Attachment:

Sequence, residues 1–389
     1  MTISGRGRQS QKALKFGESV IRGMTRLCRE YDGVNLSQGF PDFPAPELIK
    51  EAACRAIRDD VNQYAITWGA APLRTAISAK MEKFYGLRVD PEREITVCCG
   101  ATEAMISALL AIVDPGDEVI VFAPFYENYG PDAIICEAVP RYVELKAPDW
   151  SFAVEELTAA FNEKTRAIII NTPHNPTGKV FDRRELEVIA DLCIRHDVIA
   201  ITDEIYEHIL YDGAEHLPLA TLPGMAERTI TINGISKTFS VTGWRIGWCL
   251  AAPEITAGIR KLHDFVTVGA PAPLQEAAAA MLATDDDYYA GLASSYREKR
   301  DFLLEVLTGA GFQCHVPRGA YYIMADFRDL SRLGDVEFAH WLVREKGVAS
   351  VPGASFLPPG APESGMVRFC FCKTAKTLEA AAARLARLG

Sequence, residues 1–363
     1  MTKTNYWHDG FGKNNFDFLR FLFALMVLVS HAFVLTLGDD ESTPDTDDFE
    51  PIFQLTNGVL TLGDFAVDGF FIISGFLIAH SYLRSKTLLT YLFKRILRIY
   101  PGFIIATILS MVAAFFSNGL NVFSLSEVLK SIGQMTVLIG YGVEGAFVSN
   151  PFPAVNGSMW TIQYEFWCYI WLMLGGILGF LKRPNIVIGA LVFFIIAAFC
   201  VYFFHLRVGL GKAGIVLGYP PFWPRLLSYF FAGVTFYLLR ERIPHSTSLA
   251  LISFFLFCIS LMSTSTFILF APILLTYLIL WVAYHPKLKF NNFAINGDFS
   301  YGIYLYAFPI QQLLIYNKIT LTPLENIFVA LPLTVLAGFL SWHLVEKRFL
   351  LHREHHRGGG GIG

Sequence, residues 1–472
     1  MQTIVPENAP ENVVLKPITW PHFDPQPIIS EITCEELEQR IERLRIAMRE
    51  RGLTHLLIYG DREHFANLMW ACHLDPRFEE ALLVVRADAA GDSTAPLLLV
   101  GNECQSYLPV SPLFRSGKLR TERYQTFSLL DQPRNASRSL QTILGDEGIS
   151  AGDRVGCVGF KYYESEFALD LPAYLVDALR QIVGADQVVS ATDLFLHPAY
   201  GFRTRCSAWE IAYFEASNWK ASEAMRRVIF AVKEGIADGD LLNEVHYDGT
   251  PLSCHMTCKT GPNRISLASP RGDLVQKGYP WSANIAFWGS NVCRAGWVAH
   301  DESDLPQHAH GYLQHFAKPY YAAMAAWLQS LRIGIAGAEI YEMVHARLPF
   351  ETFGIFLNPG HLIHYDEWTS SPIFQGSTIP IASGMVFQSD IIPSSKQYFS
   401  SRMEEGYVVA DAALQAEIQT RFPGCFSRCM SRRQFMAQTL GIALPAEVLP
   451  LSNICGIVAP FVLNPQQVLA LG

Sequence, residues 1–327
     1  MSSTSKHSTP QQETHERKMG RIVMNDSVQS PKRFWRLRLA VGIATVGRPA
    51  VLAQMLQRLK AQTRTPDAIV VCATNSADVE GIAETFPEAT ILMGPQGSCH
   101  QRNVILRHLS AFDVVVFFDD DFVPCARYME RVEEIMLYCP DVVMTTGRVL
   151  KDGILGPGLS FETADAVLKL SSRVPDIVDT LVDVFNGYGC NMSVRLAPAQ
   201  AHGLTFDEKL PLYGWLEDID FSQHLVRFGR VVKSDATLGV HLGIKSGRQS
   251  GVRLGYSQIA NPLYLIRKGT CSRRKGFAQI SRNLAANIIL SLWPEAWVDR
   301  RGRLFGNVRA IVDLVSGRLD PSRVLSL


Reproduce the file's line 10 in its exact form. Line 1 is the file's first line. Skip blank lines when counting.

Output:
Sequence, residues 1–363